This Article is Originally Posted on MintDice.com
Back in May 22, 2018, the U.S. Securities and Exchange Commission (SEC) filed a complaint against Titanium Blockchain, an Israeli startup in the middle of its ICO at the time.
The SEC had determined that the firm had violated the commission’s registration and anti-fraud regulations in the process of raising funding from investors.
The company founder, Michael Stollaire was charged with securities fraud and stands accused of falsifying information.
WHAT IS TITANIUM BLOCKCHAIN?
Titanium Blockchain is a research, development and consulting company that offers full-scale blockchain development services to enterprises in several industries according to its official website.
They are focused on highlighting the benefits of blockchain technology such as speed and efficiency to corporations. This goal solidified by its claims of delivering deep insights to its clients, based on a wealth of experience within the field.
They follow a comprehensive roadmap which encompasses every stage of operation, from elaborate planning and product architecture to selecting the best technical solutions, product definition, outlining R&D processes and final execution.
Titanium Blockchain’s main services include consulting, private and public blockchain development as well as ICO services.
The Tel-Aviv based company made use of several blockchains such as Hyperledger, NEO, Ripple, Waves, Cardano, Quorum, AION, Wanchain, Blockchain as a Service (BaaS), and Ethereum-based decentralized applications among others.
Titanium In September 2018, Titanium blockchain announced that it officially became a technology partner of WLTH, a health blockchain platform which rewards users for achieving health goals. Some other significant partnerships included Gaby, a community management tool, Millentrix, a cryptocurrency management service and Verv, a smart home energy assistance that provides information on electricity usage, just to name a few.
WAS THE TITANIUM BLOCKCHAIN INFRASTRUCTURE A SCAM?
According to a statement by Robert Cohen, head of the SEC Enforcement Division’s Cyber Unit:
“This ICO was based on a social media marketing blitz that allegedly deceived investors with purely fictional claims of business prospects. Having filed multiple cases involving allegedly fraudulent ICOs, we again encourage investors to be especially cautious when considering these as investments.”
Titanium involved an inflation scheme which it to profit from its investors under the effects of a social media campaign, fake testimonials and false claims over corporate relationships.
These actions lead to high demand for their digital asset during their ICO stage. The company also employed incentives and created a sense of urgency leading to FOMO (fear of missing out) which encouraged investors to purchase their token.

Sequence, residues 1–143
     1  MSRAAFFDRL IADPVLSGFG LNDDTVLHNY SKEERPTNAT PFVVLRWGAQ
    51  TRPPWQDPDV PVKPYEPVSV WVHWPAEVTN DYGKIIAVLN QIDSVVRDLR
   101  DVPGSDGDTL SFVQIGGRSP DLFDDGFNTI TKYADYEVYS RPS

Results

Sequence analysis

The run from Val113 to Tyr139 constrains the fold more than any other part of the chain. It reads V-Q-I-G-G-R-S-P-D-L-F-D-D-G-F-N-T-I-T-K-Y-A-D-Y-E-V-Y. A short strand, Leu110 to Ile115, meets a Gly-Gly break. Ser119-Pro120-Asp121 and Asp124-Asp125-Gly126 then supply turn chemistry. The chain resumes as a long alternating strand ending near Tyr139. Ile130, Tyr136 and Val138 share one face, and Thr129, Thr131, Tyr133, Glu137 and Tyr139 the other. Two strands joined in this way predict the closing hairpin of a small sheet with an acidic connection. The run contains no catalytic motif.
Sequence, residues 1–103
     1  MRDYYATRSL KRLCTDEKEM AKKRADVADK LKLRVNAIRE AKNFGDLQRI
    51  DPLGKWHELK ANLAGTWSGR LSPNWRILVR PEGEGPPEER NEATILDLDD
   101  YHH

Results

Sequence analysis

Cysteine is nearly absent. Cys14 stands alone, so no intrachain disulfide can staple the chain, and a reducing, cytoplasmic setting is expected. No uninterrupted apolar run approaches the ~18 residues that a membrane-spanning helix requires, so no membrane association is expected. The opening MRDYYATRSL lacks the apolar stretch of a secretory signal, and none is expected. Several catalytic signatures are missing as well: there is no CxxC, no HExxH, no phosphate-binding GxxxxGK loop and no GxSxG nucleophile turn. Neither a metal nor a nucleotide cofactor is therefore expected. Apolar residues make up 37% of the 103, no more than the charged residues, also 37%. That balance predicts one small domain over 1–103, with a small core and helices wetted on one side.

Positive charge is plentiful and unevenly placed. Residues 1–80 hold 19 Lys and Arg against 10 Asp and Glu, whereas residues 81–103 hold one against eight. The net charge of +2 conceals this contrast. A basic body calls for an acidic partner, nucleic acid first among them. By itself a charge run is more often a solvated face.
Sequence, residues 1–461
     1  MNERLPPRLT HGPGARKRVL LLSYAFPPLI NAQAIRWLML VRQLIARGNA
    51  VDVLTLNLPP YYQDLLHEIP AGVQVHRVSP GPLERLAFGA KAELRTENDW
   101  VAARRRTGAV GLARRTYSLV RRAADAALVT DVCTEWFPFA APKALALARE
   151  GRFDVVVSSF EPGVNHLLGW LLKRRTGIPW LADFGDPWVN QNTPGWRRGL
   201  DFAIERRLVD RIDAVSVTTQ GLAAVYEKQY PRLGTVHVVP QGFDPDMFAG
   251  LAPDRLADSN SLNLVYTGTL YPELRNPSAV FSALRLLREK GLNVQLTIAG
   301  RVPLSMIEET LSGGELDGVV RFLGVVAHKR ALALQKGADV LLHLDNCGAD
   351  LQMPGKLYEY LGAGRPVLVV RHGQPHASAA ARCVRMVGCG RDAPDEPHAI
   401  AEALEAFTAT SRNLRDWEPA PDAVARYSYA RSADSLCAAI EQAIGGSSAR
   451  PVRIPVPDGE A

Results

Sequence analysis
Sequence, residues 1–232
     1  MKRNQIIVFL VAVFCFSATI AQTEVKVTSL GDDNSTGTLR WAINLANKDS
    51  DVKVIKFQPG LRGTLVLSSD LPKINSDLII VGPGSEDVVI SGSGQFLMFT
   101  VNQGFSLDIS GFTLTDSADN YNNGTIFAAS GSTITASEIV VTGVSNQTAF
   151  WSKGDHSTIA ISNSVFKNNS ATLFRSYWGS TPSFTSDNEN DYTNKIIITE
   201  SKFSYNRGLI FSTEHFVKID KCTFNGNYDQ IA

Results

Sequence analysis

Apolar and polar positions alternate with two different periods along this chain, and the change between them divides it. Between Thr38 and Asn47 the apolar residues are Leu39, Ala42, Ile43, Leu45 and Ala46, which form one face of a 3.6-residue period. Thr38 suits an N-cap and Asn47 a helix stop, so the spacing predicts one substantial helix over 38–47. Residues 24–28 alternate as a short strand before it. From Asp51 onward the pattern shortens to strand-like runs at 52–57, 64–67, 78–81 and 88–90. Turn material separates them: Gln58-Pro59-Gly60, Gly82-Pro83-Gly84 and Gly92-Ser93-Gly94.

The SEC is suing Titanium Blockchain for evading a valid offering exemption and registration. Also attached to the lawsuit is EHI Internetwork and Systems Management Inc., another company linked to Stollaire.
Assets of the Titanium ICO, some $21 million had an emergency asset freeze after the initial complaint by the SEC.
The SEC interested in protecting investor by retrieving funds and offering penalties. This interest solidified by the SEC wanting to ban Stollaire, Titanium Blockcahins founder from any further participation in future digital offerings and the firm receiving a preliminary injunction for the status of the firm to become a permanent receivership.
This isn’t the first time an ICO has been deemed fraudulent, Back in September 2017, Maksim Zaslavskiy was charged by the SEC for fraudulent activities related to REcoin and Diamond Reserve Coin ICOs which only existed on paper. Maksim conning investors out of $300,000 for a blockchain project where nerither a token was issued nor infrastucture operation per advertised.
An even more recent occurence is budding blockchain startup Centra which along with its three founders were accused f a similar case of misrepresentation after claiming strong ties to card network giants, Visa and Mastercard.
Firms such as Titanium Blockchain, while under the guise of building the blockchain industry, have inadvertently contributed to tearing it down. The strict initiative of cryptocurrency regulators should lead to a reduction in fraudulent projects such as The Titanium Blockchain.
ICO issuers should learn from these events and present a more truthful representation of their business model, promises, and operations in their whitepapers, press releases and any other documents that can be classed as marketing material.
Care will be taken by issuers when doing marketing, social media campaigns and the user of testimonials. Ultimately these issues should be common sense when it comes to using another companies name/brand/image.
Investors should continue to be careful when purchasing tokens from companies like Titanium Blockchain. They should do research of their own into prospective token investments and blockchain projects, every detail provided matters.
Blockchain Investment can be rewarding but investors should continue to learn from projects like Titanium Blockcian that research is very invaluable when it comes to blockchain investment.